Like I said, the X series plays like a (in my opinion) superior version of the original series, which is why the argument over them in the most prominent among the fanbase. I think for the purpose of this debate, we should limit our focus to the original and X series.
Icepick: Fair enough. However, when looking at both series in general, one must also account for overall quality. You casually mentioned this earlier, but X6 and X7 are generally considered to be among the worst games in the entire franchise, with dips in quality so severe, that no game in the franchise — not even the 1987 original — has as extreme of problems. Meanwhile, while you point out that MMX is generally considered the best game of the side-scrolling MegaMan series by many, the 11 mainline Classic games (yes, I’m counting MegaMan & Bass, if only because Capcom did in MM9) maintained a certain level of quality.
Many people hold the MegaMans 4 through 6 in low regard simply due to being “repetitive”, yet anyone who’s actually played them won’t hold that against the game’s inherent quality. MM7 is a weak entry in the series, but given the fact that it was developed in a mere 3 months, makes it amazing given the level of quality Capcom managed to achieve in a severely below-average development cycle. MegaMan 8 was experimental, finally taking into account the criticisms of the later NES era, only to have it explode in their face — delivering a game that managed to achieve mixed reactions. And that doesn’t even take the Game Boy games into consideration: which slowly evolved from portable cash-ins to some of the best games in the entire series.
KI: I don’t think you can give Mega Man 7 a pass for being made quickly. Who knows what the developers of X6 and X7 went through (X6 took less than a year and X7 was trying something completely new to the series). The original Mega Man games may not have lows as dramatic, but 1, 4, 6, 7, and M&B, I would say X5 and X8 (the mid-tier X games) easily beat those. I’m not holding repetitiveness against 4 and 6 for the record (and 5 is a great game), 4 had bland level design regardless of context and while 6 is my favorite of the ones I listed, it didn’t have great levels and was really easy. And you probably shouldn’t bring the GB games into this, remember the first two? They poke a big hole in the classic games never reaching truly bad quality.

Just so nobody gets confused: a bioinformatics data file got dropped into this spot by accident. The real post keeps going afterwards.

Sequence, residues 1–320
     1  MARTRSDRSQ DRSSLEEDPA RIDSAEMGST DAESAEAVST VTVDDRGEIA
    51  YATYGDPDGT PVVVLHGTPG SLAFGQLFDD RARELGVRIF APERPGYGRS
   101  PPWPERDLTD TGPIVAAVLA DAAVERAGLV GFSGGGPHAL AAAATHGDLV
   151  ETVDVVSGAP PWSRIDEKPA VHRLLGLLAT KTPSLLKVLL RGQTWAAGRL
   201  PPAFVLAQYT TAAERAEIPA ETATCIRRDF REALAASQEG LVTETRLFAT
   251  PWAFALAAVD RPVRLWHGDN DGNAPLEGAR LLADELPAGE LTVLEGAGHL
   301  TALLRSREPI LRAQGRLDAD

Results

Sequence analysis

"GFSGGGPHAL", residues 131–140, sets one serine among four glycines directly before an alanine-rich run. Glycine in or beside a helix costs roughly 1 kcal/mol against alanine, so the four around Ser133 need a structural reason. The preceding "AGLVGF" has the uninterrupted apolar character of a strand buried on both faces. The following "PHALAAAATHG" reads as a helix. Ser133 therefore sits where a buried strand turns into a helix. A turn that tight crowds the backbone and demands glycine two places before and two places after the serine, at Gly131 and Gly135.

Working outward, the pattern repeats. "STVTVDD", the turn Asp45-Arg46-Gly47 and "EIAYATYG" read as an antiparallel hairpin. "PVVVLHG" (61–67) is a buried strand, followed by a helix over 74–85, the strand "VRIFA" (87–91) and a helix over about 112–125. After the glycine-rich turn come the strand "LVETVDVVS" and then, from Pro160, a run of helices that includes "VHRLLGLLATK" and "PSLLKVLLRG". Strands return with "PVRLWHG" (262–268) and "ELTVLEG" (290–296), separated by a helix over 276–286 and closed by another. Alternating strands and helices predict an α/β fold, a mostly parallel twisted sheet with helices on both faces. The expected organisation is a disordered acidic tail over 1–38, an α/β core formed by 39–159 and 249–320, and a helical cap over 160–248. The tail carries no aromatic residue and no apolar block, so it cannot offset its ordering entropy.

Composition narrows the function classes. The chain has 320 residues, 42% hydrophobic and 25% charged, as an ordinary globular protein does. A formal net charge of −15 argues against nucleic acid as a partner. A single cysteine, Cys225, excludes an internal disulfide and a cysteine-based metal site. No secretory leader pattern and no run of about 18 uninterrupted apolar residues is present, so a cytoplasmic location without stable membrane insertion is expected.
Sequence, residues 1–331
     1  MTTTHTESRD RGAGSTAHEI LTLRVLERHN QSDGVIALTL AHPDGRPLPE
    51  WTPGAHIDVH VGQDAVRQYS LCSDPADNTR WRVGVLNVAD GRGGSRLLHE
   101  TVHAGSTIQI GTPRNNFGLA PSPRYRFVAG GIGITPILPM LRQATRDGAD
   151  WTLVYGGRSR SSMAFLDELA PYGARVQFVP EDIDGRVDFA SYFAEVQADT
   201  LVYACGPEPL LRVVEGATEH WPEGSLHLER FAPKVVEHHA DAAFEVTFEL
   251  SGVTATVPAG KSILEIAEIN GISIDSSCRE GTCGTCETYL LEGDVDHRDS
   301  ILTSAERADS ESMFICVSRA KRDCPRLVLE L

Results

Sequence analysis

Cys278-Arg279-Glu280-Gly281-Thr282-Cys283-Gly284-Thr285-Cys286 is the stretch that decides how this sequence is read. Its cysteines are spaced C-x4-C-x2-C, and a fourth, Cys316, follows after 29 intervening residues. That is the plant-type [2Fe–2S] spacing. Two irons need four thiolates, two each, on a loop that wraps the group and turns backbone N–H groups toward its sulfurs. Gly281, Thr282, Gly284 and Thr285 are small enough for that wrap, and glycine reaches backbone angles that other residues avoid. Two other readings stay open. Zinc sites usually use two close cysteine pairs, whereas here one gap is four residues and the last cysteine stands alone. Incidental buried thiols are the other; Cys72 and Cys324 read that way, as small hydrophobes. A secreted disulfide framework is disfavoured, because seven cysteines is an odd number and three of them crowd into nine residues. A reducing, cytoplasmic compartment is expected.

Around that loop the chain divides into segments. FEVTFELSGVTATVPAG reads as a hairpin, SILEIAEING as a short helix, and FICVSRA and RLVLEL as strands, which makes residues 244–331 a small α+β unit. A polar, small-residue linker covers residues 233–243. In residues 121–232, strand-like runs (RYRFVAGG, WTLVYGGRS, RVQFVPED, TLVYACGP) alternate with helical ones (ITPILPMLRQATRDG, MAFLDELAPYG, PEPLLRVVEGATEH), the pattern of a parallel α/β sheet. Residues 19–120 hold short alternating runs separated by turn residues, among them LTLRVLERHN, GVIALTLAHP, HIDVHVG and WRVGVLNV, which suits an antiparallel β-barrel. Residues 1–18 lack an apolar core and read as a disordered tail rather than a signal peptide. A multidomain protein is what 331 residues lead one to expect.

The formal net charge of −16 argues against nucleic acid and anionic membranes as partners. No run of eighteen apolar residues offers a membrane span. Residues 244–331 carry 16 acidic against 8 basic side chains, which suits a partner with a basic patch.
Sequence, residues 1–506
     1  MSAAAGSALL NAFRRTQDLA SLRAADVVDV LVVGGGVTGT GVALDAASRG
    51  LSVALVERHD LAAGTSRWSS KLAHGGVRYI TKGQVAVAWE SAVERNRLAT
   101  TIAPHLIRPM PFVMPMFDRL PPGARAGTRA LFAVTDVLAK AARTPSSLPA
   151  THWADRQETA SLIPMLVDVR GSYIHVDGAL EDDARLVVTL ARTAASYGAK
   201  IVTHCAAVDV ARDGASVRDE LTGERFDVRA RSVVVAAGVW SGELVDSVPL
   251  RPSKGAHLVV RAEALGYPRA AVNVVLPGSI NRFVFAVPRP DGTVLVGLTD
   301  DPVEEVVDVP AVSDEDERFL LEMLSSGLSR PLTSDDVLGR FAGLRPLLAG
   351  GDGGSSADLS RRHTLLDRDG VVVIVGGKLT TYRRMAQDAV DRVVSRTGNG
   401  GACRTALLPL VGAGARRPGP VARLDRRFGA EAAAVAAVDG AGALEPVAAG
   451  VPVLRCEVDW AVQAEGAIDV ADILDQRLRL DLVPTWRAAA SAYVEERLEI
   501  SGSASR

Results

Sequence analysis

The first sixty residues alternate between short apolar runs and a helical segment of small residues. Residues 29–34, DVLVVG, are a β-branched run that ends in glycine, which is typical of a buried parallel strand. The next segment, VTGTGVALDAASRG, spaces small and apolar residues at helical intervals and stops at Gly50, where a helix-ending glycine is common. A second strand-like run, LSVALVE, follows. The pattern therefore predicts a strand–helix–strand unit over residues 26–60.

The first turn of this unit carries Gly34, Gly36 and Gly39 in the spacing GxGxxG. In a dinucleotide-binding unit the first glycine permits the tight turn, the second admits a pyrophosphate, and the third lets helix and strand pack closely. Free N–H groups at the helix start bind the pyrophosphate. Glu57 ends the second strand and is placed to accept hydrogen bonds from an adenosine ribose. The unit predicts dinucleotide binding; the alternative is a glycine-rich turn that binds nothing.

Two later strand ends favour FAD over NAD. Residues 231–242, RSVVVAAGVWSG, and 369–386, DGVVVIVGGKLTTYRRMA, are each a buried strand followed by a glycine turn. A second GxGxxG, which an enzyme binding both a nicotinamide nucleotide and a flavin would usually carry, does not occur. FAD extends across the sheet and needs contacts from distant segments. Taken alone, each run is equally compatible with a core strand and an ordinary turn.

So basically, I think the highs and mids of the X series are better than the original, and the lows being worse is pretty insignificant.
Icepick: The thing about the first two GB MegaMan games is that both were outsourced to outside developers. The fact that the team from Dr. Wily’s Revenge (the first Game Boy game) were able to come back from that and make IV and V, among the best in the entire series is telling. Meanwhile, X6 was built with the same team, using the engine from X5 — which itself was tweaked from X4 — and managed to create an abomination of a game, where the only redeeming factor would be its soundtrack. Yes, Capcom made Sonic ’06 before Sega — and worse yet, they didn’t even make it from scratch.
KI: But if you count GBIV and GBV, then you have to count other games from the same developer. X6 may have been from the same team, but they were clearly rushed and who knows what else went wrong. My only point with that is that we can’t give 7 a pass for being made quickly. But I think we’ve been avoiding the flame based elephant ancestor in the room for too long. I’m assuming you disagree with my assertion that the gameplay in the first four X games significantly surpasses the originals, correct? We should probably get into which series plays better when you compare the best games.
Icepick: It’s been argued that the Classic games are more difficult than the X series in general. Frankly, I consider that a plus. Maybe, it’s the “hardcore gamer” in me talking, but frankly, I love a good challenge: which is part of the reason I prefer the aforementioned Zero and ZX series over the X series. Indeed, among the side-scrolling MegaMan sub-franchises, X is generally considered the easiest of the bunch.